Will python never intend to support private, protected and public?

Steven D'Aprano steve at REMOVETHIScyber.com.au
Thu Sep 29 16:16:02 CEST 2005

On Wed, 28 Sep 2005 22:07:56 -0700, Paul Rubin wrote:

>> One that is in other languages not even possible. A clear disadvantage.
>> Python gives me power and does not take it away like the others.
> Huh?  If my car has a "feature" that lets someone blow it to
> smithereens from hundreds of miles away without even intending to,
> that's somehow an advantage?

Funny you should mention that.

The other day I stopped at a service station to fill up. I noticed a line
of cars at a bowser over in the corner. The bowser was wrapped in a big
yellow tape saying "Caution!!! Warning!!! Experimental Petrol, for private
use only!!! USE AT OWN RISK!!! CAUTION CAUTION CAUTION Read the Manual
Before Using!!!"

So naturally I filled up with my car with this private petrol, because I
hoped that it would give me more power when accelerating.

Well, it certainly did that, wow you should have seen my car go! But alas
I should have read the manual first, just like they said. It turned out
that this experimental petrol contained an additive that did not suit my
car's engine. Three days later, smoke started pouring out of the engine
and then it caught fire.

I could have read the manual, which I later found out was aware of the
risk of fire and gave simple instructions for how to avoid it (adding a
cup of ethanol to a full tank of petrol was all it would have taken to
prevent the harmful chemical reaction). Instead I made the decision to
ignore it, and suffered the consequences.

Now, I could take responsibility for my own stupidity in ignoring the
warnings and just assuming that there would be no side-effects.

Or I could stamp my feet and holler at the top of my voice that it is the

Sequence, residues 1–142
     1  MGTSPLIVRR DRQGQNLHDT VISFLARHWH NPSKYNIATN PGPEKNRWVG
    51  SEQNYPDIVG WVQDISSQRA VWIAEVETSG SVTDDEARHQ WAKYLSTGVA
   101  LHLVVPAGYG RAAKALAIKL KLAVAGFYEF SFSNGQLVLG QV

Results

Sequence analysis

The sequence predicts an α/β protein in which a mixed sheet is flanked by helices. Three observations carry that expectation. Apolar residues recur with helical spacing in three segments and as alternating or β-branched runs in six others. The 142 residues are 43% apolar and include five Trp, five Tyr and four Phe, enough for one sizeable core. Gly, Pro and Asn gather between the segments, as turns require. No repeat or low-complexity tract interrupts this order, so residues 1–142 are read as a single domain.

petrol seller's fault, and that he should have locked this special fuel
away and banned everyone else from using it, to protect idiots like myself
from shooting myself in the foot. (Or setting my car on fire, as the case
may be.)

After all, while I made a free choice to use the private petrol, despite
all the warnings and all the reasons why I should not, it certainly
shouldn't be my responsibility to deal with the consequences of my own

>> The engineering decisions regarding my application should be on my
>> side, not the language lawyers.
> No problem, but any decision like that should be expressed in
> "writing", by re-declaring the variable so it's no longer private.

How do you see this working in practice?

Say you have written a class, with a private variable. I decide that I
need access to that variable, for reasons you never foresaw. What happens
next? I ask you nicely to please change your class and turn that private
attribute into a public one. What happens if you refuse? Can I have you
taken out and shot and seize ownership of your class, or do I have to
copy and paste your class into my code, creating a duplicate class I can
modify as much as I like?


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